Sitting on stackable plastic chairs around a cheap plastic table, drinking Afghan tea in glass mugs, a group of construction workers reminisce about the “golden days” when foreigners were aplenty in Afghanistan.
“It used to be like Dubai before,” Haji Niaz Mohammad, owner of a business that rents out construction machinery, remembers with a wistful look in his eyes. “People from all over the world, from U.S., from Europe, were working here.”
Most of them have now left, taking their millions of dollars with them.
The American-led invasion of Afghanistan in 2001 that forced the Taliban from power was coupled with the influx of billions of dollars into Afghan economy. The U.S. military alone spent almost $1 trillion in Afghanistan on combat missions, and almost $100 billion on development.
Dozens, if not hundreds of international NGOs arrived during this time - often with millions of dollars to be invested in development projects in the war-torn country. Many hired local staff, driving up wages, and creating an economic bubble. The average growth rate for Afghanistan jumped to nine percent from 2003 onwards, rising to above 14 percent in 2012, according to the World Bank.
The withdrawal of foreign forces starting in 2013 has burst this economic bubble. Afghanistan's growth rate fell to two percent in 2014. This year’s outlook looks even worse.
Investor and consumer confidence was further weakened by a protracted political transition and lack of meaningful reform.
Mohammad used to own 40 bulldozers. He could earn as much as $6,000 per month for each of them. Now he is down to 10 and he is happy if he makes even $2,000 each. He is planning to move whatever is left of his once hefty business to neighboring Pakistan.
For the people who work for him, the future is more uncertain. Najibullah from Paktia, who operates one of Mohammad’s bulldozers, worked only six days last month. He has a family of 10 to feed.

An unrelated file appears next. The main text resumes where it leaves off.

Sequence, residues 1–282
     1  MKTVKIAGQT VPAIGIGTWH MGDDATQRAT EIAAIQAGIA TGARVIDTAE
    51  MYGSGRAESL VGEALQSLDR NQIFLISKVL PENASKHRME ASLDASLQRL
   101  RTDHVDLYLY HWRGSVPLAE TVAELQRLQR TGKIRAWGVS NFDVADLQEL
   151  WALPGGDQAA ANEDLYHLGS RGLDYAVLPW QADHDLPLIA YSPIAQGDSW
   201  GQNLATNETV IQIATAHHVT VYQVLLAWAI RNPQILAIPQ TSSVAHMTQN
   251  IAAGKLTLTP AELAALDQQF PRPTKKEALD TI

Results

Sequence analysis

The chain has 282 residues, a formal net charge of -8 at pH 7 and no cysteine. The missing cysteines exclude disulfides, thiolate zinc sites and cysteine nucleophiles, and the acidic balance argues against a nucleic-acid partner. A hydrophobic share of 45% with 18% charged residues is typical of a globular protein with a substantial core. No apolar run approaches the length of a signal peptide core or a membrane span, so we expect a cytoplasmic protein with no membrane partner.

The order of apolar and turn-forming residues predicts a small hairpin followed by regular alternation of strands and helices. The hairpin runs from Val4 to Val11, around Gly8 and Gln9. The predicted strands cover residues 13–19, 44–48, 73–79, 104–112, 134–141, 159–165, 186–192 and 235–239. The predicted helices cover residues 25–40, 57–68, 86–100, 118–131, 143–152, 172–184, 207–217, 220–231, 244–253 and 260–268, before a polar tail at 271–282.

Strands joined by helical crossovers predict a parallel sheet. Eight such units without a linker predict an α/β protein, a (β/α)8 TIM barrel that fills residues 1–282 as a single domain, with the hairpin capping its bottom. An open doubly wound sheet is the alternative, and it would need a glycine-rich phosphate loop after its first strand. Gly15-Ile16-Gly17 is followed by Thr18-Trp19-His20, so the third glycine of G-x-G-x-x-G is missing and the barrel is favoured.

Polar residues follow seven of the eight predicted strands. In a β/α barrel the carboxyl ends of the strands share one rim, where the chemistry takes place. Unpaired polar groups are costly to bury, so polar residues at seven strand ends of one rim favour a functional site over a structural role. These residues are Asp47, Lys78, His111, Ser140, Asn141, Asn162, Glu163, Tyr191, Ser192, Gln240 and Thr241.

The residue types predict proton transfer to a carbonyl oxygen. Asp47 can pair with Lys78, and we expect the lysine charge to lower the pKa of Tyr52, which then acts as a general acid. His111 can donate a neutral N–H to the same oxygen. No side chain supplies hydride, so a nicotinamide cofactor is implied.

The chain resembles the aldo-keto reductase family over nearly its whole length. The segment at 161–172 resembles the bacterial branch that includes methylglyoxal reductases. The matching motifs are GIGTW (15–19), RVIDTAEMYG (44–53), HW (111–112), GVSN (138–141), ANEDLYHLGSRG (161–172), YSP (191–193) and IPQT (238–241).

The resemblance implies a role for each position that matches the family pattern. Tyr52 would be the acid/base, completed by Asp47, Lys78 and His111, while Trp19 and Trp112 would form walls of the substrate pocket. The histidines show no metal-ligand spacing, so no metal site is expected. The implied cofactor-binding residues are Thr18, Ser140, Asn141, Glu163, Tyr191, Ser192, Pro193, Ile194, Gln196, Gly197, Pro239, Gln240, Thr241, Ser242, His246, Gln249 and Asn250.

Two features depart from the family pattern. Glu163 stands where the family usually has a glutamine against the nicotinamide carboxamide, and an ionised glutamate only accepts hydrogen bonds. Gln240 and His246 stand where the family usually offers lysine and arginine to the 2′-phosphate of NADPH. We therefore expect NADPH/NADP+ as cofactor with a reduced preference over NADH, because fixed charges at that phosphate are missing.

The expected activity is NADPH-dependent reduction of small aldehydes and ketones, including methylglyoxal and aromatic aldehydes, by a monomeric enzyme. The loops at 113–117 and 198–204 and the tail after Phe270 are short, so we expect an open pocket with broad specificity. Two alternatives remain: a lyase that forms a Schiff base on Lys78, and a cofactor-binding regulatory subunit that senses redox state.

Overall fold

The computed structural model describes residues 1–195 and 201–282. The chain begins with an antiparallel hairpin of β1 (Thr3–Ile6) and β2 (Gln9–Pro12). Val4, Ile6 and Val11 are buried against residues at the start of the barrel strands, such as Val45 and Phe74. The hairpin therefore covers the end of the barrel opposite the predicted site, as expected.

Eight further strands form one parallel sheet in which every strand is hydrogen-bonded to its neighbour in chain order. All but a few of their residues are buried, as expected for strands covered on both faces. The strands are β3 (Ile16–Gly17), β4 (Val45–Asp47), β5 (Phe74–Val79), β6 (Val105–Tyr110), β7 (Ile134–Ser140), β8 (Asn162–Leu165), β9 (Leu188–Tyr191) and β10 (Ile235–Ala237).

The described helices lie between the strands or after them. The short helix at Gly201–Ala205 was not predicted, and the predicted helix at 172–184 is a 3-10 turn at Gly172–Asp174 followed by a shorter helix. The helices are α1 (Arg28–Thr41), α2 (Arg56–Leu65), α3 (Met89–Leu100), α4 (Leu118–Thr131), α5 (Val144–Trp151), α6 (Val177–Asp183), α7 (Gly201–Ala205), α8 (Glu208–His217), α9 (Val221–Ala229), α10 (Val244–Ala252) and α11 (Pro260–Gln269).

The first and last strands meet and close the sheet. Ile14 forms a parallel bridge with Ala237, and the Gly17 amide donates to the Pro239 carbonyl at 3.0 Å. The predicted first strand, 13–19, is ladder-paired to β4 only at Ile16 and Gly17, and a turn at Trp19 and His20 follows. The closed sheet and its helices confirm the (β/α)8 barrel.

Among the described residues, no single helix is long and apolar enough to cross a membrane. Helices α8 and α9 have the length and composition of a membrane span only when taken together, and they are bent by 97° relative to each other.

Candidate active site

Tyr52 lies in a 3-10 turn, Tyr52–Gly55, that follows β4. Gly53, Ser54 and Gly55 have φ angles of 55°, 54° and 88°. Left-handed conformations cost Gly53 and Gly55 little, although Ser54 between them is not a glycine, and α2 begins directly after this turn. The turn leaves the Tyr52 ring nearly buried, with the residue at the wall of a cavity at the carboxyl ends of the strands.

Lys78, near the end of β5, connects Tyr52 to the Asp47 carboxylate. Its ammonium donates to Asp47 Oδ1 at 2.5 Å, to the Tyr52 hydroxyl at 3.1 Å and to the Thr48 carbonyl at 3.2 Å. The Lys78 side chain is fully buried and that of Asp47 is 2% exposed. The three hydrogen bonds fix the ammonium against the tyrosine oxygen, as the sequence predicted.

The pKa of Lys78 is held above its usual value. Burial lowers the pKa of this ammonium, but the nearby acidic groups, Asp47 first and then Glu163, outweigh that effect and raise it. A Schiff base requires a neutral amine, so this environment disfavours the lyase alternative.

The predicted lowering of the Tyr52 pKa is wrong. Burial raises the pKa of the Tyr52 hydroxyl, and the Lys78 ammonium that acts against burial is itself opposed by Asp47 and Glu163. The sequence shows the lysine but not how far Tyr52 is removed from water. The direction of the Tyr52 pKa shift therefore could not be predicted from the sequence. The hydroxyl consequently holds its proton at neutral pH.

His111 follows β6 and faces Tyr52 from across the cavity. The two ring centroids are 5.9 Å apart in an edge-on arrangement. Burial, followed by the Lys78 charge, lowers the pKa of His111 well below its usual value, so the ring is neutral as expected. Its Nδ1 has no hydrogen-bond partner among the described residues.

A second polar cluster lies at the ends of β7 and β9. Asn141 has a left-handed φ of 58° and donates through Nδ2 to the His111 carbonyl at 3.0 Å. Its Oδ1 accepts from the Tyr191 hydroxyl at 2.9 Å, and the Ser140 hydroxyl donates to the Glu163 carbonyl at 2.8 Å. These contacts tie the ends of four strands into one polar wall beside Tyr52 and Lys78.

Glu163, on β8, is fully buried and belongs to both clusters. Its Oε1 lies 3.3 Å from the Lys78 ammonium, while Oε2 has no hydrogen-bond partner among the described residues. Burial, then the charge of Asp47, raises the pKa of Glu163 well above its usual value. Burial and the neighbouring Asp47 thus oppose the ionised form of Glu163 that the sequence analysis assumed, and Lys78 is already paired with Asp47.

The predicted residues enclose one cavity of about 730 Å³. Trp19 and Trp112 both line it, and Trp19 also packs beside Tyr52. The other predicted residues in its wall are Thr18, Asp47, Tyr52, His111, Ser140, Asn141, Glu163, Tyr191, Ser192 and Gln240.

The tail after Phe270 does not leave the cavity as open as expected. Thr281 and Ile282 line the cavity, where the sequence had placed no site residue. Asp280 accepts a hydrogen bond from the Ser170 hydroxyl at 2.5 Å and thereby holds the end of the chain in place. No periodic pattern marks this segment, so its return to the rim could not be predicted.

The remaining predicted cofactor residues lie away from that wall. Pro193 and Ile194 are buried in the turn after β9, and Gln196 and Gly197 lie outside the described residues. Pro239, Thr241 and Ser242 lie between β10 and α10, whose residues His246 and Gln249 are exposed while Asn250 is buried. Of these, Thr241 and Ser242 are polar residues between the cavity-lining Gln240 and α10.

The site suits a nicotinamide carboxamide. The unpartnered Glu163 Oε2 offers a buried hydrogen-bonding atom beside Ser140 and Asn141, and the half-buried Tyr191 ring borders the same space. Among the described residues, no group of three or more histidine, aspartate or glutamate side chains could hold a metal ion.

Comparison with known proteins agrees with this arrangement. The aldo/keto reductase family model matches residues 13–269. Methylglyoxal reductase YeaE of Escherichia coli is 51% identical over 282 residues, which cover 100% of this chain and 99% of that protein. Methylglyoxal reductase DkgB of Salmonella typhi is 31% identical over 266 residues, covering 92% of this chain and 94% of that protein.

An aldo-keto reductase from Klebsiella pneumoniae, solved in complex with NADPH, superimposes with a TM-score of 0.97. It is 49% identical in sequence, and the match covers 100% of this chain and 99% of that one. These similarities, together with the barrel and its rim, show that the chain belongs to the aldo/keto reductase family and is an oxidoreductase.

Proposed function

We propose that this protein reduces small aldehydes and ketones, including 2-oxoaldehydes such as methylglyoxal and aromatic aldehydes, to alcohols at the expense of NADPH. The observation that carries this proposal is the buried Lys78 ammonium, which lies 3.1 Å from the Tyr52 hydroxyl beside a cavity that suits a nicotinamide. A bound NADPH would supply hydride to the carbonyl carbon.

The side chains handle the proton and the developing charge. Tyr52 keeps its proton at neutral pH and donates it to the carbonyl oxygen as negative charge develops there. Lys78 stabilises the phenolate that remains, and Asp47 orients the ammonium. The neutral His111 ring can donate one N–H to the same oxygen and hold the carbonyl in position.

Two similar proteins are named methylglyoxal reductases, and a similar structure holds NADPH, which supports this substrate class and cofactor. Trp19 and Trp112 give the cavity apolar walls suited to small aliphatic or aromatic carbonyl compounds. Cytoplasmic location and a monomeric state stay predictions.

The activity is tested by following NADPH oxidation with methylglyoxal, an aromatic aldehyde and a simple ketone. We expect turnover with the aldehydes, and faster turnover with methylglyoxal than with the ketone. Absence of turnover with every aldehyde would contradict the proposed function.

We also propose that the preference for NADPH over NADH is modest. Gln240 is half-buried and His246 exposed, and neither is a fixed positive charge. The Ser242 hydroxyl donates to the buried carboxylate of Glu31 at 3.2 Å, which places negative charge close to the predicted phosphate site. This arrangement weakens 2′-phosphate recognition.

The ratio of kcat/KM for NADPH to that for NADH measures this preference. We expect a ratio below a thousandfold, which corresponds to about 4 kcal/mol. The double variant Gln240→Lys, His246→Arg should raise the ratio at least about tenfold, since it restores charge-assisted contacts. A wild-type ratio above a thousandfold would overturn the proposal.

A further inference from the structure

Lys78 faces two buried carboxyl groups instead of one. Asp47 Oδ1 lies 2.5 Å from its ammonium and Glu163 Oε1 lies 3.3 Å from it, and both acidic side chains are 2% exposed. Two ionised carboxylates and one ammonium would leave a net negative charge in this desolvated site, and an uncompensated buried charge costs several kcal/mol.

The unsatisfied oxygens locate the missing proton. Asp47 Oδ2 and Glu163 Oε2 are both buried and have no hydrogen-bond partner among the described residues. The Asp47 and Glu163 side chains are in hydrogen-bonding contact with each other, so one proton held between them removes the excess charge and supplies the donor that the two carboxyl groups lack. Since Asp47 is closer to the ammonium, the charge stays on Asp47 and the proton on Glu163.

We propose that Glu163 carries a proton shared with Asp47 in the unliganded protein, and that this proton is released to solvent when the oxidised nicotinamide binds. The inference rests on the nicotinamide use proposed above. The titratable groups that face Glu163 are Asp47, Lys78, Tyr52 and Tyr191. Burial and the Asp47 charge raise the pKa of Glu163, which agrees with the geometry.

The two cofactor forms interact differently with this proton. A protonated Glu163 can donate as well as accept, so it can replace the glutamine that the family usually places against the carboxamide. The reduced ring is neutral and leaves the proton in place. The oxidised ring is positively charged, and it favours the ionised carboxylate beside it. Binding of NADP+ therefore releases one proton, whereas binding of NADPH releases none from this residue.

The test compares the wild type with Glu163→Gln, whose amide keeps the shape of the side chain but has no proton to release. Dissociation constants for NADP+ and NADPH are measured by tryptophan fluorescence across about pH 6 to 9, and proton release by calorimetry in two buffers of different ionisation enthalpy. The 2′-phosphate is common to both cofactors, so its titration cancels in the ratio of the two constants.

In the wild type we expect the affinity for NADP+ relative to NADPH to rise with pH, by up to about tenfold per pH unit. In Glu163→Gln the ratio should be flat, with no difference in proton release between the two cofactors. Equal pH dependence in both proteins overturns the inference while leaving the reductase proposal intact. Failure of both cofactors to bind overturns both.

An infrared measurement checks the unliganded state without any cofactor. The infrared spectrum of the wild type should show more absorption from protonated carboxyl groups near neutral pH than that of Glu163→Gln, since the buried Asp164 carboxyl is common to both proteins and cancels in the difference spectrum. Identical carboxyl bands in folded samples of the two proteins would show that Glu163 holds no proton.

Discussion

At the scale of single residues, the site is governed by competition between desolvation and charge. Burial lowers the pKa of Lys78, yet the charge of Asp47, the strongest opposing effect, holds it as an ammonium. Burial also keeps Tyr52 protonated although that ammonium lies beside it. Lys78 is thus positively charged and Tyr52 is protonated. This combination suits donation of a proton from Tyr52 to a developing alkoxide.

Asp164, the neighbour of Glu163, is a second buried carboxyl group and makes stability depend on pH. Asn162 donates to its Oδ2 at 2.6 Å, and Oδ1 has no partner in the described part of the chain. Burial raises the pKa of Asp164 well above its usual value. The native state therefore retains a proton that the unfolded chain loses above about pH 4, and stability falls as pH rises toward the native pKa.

The government acknowledges the problems but points to the myriad security and other challenges it inherited. Supporters of President Ashraf Ghani, like Hamidullah Farooqi, former minister of Transport and Civil Aviation, insist that he has shown himself to be “a good partner for the international community” and has received “assurances of continued support.” He also has started tackling the biggest problems, like corruption.
Many locals, however, blame divisions in the unity government for their problems. It took months for President Ghani and Chief Executive Abdullah Abdullah to nominate their cabinet members. On Thursday, Ghani announced his third nominee for the post of defense minister after his first choice was rejected by parliament and the second choice dropped out.
Najibullah complained that the entire focus of the current administration is in the capital, Kabul. Insecurity, he said, is a commonly used excuse to not work on any projects in the provinces but they “don’t do anything even in areas that are peaceful.”
Ghani hopes to change his country’s fortunes by hooking on to China’s plans to build an economic corridor in the region as part of its Silk Route or “Belts and Roads” initiative. He wants Afghanistan to be a bridge between South and Central Asia and exploit the country’s reservoirs of raw materials.
Those plans only have a chance of success if security improves. So far, it has been a bloody year.
Despite a heavy presence of security forces on the streets of Kabul, the city has witnessed several bloody attacks this month alone, including one near the Ministry of Justice and another against the European Union Police Mission in Afghanistan, or EUPOL, near Kabul’s airport.
In the meantime, the country has had a record high poppy crop this year, mostly in the nine most insecure provinces. Many of those areas are under Taliban influence, if not control. The Taliban encourage local farmers to plant the illegal harvest.
The hundreds of millions of dollars they make from drug trafficking has the potential to fuel further violence and insecurity in Afghanistan, which in turn may damage the economy even more.